An estimated 14 million visitors attended Gold Coast beaches from July 2019 to June 2020 – a 44 per cent increase in beach visitors from 2015.
The city’s lifeguard service performed 1600 rescues and around 40,000 preventative actions annually. No lives were lost between the flags.
Gold Coast mayor Tom Tate said the report into the value of spending $10.6 million operating budget on the lifeguard service showed locals and visitors to the city’s 42 km of coastline were in safe hands.
“It’s a proud moment to really let the rest of the world know that the lifeguard service on the Gold Coast has a 100 per cent record,” Tate said.
“They’ve been here 85 years, swimming between the flags, never lost one life.”
The service remains the largest council-run service in Australia, patrolling twice as many beaches as many other oceanside tourist hotspots.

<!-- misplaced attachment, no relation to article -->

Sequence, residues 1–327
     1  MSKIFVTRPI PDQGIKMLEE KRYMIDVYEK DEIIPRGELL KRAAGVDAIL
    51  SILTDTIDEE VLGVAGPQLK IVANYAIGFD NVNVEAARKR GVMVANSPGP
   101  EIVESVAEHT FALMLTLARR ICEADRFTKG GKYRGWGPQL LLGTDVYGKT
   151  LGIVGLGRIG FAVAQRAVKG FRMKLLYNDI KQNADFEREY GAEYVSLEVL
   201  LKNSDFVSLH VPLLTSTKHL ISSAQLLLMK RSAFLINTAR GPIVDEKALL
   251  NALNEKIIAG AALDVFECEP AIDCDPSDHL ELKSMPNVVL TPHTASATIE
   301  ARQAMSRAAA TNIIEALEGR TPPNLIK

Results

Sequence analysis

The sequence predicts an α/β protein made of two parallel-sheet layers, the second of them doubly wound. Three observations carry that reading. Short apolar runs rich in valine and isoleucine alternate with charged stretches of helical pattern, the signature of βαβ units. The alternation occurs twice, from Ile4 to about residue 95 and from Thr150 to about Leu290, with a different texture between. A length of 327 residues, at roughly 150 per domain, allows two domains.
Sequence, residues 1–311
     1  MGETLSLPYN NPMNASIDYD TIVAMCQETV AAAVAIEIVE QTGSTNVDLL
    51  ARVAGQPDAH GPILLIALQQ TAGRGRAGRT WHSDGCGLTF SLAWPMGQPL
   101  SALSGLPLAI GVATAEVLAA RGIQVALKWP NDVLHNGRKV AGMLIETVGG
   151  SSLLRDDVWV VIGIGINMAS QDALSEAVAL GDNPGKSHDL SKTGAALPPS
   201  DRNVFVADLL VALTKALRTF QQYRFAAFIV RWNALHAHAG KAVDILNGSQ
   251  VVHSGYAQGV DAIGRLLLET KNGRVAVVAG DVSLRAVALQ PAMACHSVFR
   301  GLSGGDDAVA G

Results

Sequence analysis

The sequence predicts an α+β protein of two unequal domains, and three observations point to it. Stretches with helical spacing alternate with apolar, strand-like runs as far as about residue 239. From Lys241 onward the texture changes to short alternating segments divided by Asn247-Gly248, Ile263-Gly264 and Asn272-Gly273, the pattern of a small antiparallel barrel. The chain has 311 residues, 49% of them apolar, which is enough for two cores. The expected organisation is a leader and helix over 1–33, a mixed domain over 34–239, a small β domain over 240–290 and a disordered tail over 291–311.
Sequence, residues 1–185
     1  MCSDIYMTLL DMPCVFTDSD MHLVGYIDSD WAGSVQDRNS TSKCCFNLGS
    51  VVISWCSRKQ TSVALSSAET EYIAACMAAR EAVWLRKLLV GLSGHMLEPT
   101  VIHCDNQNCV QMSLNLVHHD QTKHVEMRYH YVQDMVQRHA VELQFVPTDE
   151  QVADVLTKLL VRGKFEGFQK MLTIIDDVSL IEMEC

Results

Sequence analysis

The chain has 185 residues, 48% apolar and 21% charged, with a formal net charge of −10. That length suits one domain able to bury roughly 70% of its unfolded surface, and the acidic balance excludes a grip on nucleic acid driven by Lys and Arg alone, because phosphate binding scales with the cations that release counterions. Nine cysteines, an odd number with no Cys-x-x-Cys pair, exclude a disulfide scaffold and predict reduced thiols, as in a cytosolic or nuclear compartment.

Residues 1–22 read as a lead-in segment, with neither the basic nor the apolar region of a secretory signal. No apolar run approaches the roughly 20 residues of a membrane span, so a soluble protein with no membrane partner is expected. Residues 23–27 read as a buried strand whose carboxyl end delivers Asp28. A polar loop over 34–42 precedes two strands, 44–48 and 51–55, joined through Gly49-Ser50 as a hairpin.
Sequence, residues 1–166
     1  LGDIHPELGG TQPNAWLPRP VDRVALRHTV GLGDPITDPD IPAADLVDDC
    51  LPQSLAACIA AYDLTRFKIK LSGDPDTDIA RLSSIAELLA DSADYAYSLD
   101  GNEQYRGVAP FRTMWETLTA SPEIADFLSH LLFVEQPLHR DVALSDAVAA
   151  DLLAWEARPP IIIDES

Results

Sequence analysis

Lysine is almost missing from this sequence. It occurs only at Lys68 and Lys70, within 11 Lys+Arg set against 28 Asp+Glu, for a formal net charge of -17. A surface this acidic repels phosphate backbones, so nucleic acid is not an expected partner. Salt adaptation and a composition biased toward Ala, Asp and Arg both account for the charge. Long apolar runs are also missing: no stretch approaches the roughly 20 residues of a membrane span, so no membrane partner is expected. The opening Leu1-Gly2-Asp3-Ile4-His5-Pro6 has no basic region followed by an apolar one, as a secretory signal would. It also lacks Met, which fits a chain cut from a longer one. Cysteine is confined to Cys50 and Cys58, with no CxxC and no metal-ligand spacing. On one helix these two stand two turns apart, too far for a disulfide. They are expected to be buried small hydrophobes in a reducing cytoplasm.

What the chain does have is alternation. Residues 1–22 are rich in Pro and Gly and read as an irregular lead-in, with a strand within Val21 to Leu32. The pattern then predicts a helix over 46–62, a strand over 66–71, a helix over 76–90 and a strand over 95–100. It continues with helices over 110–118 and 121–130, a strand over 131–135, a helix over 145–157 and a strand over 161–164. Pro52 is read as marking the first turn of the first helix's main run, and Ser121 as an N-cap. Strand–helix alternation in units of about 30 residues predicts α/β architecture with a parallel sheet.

The Gold Coast lifeguard service has been operating for more than 85 years, commencing in Southport in 1935 and was the first in Australia to implement a lifeguard tower plan in 1988 with 40 of the iconic, yellow-topped towers now spaced along beaches from Rainbow Bay to The Spit Seaway.
City lifeguards patrol 27 beaches year-round, which increases to 41 beaches during school holidays when staffing numbers are also bumped up to around 22 lifeguards.
Tate said the lifeguards performed dual roles.
“The more important part to that is that I view that they are ambassadors for our city,” he said.
“When you come to the beach, they are looking after you on the beach. When you come out of the surf, you can go up and say where’s the best coffee shop, or the most romantic place to go to at night – they’ve got all the answers.
“I say, it’s wonderful, there’s no more money, but how wonderful our city is with world-class top lifeguards to look after us.”Jump to next article